Gender Roles: Societies' Law and Genetic Code

Essay by rockstarq06College, UndergraduateA, March 2007

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When I'm out for a walk on a fine spring day, I pass by a park near my house. I notice a family of four, playing together. The parents were both pretty young and they had a young boy and girl. The father was throwing a football and chasing his son around, while the mother was pushing her daughter on the swing. As I walk by on the path, I almost trip over their bikes because I am speculating on how young kids start to associate gender roles. I realize that there is a small pink Barbie bike, a small black bike with flames, and two genderized mountain bikes, which support my thinking of gender roles in our lives. Why do girls dislike doing things guys do? Why can't guys be exactly like girls? Why do we outcast a person aside when they don't follow these gender roles? It is all because our genes and society influence the idea of gender roles and makes it an invisible law.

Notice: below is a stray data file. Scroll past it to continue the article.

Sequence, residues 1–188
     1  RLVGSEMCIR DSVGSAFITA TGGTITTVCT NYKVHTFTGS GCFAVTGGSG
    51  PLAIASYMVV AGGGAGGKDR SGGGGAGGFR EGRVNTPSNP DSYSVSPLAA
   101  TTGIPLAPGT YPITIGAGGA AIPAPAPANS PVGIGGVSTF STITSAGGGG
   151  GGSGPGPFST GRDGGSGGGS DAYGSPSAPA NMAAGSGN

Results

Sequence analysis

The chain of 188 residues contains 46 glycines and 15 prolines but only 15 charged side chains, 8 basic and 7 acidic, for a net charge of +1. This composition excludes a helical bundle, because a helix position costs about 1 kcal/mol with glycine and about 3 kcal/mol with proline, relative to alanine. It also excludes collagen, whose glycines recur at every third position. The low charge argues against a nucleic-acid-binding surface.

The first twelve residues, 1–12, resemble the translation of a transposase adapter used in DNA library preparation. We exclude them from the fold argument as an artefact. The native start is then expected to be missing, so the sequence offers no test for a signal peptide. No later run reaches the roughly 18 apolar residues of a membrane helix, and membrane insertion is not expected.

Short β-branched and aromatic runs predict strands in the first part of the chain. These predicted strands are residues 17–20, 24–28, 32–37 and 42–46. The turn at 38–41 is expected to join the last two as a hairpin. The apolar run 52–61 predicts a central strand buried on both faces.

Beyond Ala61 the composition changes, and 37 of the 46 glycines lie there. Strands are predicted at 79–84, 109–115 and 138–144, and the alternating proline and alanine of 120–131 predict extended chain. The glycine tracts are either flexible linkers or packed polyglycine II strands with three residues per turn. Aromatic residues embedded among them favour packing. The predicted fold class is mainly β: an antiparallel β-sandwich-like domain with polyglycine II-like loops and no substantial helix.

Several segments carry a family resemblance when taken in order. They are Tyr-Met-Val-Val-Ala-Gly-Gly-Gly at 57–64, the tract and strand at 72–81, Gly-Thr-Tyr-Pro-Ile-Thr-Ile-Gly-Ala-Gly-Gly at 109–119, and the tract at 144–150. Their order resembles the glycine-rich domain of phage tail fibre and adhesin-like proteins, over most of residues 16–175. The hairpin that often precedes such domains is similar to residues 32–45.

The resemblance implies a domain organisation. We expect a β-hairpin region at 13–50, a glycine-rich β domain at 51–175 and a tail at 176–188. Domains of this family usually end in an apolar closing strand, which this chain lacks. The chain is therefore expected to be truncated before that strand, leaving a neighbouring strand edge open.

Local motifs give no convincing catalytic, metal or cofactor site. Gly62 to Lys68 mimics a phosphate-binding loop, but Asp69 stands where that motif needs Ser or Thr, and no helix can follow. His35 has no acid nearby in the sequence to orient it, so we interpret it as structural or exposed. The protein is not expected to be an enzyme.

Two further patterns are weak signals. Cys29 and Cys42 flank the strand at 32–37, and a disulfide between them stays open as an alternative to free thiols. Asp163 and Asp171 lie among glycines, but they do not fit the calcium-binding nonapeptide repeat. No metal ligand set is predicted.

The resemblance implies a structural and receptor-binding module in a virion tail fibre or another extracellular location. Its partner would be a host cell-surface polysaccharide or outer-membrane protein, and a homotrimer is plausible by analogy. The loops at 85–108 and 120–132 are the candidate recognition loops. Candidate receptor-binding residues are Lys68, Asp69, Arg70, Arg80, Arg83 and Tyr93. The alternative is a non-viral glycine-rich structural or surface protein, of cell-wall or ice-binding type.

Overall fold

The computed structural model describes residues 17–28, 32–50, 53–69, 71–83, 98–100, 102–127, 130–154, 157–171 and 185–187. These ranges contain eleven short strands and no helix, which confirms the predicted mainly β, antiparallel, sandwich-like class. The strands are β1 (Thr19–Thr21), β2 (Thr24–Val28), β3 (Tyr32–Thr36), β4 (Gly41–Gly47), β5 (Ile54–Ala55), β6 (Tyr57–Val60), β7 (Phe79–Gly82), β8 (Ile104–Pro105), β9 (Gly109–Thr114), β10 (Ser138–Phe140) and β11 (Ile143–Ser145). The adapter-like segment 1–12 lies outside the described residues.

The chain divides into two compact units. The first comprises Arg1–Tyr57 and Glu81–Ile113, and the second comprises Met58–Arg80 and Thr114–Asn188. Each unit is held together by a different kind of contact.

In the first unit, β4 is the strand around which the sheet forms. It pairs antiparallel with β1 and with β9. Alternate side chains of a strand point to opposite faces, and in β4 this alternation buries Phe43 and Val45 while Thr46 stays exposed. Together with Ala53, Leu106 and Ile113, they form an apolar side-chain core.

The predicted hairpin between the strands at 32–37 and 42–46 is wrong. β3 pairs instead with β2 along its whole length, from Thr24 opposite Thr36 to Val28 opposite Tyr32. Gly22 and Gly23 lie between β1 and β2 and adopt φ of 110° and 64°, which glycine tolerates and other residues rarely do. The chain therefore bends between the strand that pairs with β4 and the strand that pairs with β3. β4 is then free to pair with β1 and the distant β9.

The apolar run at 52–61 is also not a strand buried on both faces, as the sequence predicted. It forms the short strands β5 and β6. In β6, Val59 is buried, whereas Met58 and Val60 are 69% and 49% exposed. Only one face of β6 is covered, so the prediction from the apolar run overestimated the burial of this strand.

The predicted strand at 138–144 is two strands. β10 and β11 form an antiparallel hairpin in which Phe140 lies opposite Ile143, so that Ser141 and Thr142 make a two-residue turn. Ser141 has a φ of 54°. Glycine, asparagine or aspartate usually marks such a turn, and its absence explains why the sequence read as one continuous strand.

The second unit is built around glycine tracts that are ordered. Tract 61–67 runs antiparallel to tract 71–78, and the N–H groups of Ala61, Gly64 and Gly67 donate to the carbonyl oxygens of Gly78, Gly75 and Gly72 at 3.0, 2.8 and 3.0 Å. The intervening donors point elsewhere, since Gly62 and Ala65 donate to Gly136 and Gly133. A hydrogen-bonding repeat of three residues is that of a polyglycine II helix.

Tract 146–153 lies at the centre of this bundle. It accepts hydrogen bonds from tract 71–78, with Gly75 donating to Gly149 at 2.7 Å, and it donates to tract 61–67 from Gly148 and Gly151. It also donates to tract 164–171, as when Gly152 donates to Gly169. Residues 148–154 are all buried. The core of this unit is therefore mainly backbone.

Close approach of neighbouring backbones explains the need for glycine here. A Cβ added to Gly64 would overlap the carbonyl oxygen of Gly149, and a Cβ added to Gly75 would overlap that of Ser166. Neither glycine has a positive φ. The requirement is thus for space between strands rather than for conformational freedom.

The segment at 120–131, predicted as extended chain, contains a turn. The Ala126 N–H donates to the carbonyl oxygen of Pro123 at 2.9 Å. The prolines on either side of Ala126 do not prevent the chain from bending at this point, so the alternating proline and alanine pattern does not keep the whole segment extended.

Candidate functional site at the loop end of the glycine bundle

Gender roles are a complicated topic in all cultures in the world. There are the people who argue the origins of gender roles, which they say lies within societal rules or preprogrammed in our genes. Of course, both society and our preprogrammed genes contribute to the gender roles of today. The majority of the public subconsciously follows these roles without thinking about it. People who don't follow these rules are cast aside from the general society. Society wants a man to be a man and a woman to be a woman, not some mixed type.

Male and female gender roles are almost complete opposites. The concept of being a man consists of seven invisible guidelines: to never cry, to be powerful, to be aggressive, to be the leader, to not be feminine,